23. 23. HOLOGRAPHIC PERFORMANCES• The 2012 holographic performance by Tupac Shakurwas created by the digital effects company DigitalDomain. Growing opportunities in using holographictechnology (for both living and dead artists).• Legal issues:Copyright in origin materials: hologram authorsmust consider if the material they draw from iscopyrighted (e.g. Film, broadcasting, musical,literary and other forms of copyright). Likely toinvolve complicated licensing arrangements – frommultiple licensors.
  24. 24. HOLOGRAPHIC PERFORMANCESCopyright in output materials: likely that thedeveloped holographic performance will be ‘newwork’ or ‘derivative work’. Copyright likely to arise inboth the image of the hologram and the recording.Artists and connected persons will need to considerthe rights that will arise; e.g. if commissioning a thirdparty to create a hologram, need to ensure that theIP is transferred to the artist/connected persons.Questions remain, e.g. Who owns the rights to aperformance of a holographic artist performinganother artist’s music?
  25. 25. HOLOGRAPHIC PERFORMANCES• Proceeding without copyright licenses? For example,if a third party records a concert and wants to create aholographic performance out of it.Be wary: a range of otherpotential causes of action(where there is no copyright),including:> Passing-off> Trade markinfringement> Defamation> Performer’s rights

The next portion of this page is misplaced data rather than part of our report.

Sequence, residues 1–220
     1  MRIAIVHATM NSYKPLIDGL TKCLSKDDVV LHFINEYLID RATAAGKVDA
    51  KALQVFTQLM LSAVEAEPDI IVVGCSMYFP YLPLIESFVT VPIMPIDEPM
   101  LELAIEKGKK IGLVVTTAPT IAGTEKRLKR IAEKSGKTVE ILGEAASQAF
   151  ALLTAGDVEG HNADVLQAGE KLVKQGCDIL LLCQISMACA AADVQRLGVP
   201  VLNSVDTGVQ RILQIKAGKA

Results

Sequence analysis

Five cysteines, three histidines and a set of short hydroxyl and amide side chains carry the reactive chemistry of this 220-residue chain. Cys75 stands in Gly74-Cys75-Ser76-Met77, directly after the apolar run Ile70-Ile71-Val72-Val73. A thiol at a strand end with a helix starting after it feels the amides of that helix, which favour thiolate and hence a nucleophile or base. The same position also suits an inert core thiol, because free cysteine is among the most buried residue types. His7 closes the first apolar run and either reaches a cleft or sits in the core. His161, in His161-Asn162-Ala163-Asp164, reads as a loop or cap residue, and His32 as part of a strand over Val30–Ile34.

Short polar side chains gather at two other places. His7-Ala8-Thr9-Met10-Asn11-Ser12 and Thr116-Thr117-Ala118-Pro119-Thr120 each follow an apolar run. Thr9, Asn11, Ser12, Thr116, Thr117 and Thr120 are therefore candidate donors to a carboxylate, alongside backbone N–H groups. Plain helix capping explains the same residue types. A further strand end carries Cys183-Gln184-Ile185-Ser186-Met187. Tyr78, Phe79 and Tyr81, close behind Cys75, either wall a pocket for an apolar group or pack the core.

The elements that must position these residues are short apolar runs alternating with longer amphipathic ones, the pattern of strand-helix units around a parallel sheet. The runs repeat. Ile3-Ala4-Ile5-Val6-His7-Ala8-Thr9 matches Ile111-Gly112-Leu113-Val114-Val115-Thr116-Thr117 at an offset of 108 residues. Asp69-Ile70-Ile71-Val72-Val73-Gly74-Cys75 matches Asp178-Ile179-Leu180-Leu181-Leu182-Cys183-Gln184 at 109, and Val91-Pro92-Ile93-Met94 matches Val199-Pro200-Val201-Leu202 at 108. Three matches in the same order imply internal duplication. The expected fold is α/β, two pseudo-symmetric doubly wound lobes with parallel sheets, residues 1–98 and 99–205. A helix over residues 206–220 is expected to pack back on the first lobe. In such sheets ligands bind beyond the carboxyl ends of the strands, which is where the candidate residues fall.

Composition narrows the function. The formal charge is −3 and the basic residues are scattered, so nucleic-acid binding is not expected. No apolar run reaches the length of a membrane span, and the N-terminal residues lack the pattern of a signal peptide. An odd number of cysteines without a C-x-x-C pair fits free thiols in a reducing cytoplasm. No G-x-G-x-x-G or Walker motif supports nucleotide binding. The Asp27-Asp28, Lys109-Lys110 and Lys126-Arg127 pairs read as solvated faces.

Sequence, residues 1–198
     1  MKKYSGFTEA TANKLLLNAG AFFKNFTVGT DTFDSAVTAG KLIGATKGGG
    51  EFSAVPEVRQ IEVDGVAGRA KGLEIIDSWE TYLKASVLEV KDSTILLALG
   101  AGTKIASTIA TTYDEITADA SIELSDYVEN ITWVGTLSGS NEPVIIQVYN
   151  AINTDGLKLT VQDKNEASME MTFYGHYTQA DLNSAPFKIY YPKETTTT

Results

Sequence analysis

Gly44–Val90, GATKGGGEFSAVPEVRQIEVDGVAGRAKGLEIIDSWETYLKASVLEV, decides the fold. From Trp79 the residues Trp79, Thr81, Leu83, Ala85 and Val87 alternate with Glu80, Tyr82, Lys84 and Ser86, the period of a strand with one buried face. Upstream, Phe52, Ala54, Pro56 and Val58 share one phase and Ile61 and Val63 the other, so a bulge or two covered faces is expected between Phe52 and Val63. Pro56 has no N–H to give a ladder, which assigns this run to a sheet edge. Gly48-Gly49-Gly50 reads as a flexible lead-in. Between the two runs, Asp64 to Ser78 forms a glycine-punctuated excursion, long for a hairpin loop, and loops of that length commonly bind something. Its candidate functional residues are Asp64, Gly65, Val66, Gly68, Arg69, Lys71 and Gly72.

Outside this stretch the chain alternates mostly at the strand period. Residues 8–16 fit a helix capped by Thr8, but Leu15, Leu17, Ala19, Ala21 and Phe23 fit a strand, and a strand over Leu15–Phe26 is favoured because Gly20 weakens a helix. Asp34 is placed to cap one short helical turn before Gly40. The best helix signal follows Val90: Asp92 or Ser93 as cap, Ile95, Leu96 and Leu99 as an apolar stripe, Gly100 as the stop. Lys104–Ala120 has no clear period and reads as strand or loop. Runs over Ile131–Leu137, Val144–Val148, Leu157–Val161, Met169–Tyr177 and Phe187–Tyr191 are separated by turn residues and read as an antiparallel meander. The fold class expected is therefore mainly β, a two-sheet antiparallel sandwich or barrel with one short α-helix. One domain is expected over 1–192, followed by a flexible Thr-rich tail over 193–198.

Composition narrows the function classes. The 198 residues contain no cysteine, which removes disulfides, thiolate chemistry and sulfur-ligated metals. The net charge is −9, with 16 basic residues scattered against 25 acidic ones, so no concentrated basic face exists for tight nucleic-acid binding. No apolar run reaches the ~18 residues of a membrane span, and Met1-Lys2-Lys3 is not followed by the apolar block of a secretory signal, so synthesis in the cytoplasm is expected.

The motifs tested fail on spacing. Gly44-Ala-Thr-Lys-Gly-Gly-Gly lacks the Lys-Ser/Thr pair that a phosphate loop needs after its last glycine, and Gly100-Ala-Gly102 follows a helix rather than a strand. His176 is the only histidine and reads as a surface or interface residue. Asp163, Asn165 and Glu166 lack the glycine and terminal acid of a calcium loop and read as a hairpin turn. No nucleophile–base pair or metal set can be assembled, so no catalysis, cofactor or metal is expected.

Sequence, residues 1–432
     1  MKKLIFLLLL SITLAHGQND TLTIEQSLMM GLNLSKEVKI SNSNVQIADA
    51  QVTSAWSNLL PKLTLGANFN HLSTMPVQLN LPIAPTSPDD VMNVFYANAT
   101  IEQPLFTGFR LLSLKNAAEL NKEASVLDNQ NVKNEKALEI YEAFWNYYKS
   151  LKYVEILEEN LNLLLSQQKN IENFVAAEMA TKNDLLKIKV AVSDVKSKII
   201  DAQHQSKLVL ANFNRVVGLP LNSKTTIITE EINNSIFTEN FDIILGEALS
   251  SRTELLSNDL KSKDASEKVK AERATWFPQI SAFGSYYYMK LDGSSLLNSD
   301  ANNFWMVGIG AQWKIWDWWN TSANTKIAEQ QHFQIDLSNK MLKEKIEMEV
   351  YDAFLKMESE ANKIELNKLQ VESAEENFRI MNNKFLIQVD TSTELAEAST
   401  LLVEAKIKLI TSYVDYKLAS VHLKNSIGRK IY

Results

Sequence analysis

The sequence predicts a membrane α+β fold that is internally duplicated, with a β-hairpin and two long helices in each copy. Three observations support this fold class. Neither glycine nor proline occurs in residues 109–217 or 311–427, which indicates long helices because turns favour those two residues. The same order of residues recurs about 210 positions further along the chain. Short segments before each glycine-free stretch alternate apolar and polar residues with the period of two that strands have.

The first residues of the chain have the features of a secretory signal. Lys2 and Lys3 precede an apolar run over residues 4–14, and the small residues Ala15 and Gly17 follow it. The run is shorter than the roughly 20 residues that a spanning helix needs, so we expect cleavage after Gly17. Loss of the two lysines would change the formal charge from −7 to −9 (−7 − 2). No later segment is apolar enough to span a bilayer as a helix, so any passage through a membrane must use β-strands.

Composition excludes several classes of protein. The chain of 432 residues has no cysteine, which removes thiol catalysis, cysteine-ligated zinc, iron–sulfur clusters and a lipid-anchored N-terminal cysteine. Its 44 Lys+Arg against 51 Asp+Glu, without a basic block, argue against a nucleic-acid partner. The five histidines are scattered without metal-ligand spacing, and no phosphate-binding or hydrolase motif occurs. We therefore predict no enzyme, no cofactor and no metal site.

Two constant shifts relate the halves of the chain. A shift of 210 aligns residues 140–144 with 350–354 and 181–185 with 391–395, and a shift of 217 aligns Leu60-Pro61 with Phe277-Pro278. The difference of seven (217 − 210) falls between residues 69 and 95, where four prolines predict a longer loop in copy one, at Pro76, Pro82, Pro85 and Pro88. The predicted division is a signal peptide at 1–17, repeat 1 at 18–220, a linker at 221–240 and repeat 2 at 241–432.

26. 26. ANALOGY WITH “FORMAT” RIGHTS• Still no statutory definition of “format right”• Early cases suggested no legal protection• Developing international case law based on existingconvention/legislation enables format protection• The way that you protect you format depends onwhere it is in its life, what kind of format it is, andwhat ancillary rights you have established with in it• There are a number of legal claims available toprotect formats• A format is a basket of rights – much like abrand/image
  27. 27. PRACTICAL – PROTECTING IMAGE• Your commercial strength to exploit your image rights isdirectly proportional to your capacity to protect it• To protect your image you must take clare and consistentsteps within the existing intellectual property legislation• In the context of format rights: In Castaway Productions v Endemol, the claimant wasable to establish copyright in its format A Brazilian Court has awarded substantial damages forbreach of copyright in the Big Brother formatIn both cases the formats were developed and evidenced ingreat detail and in permanent form• See the IFLA/Lewis Silkin Guide “How to Protect YourFormat”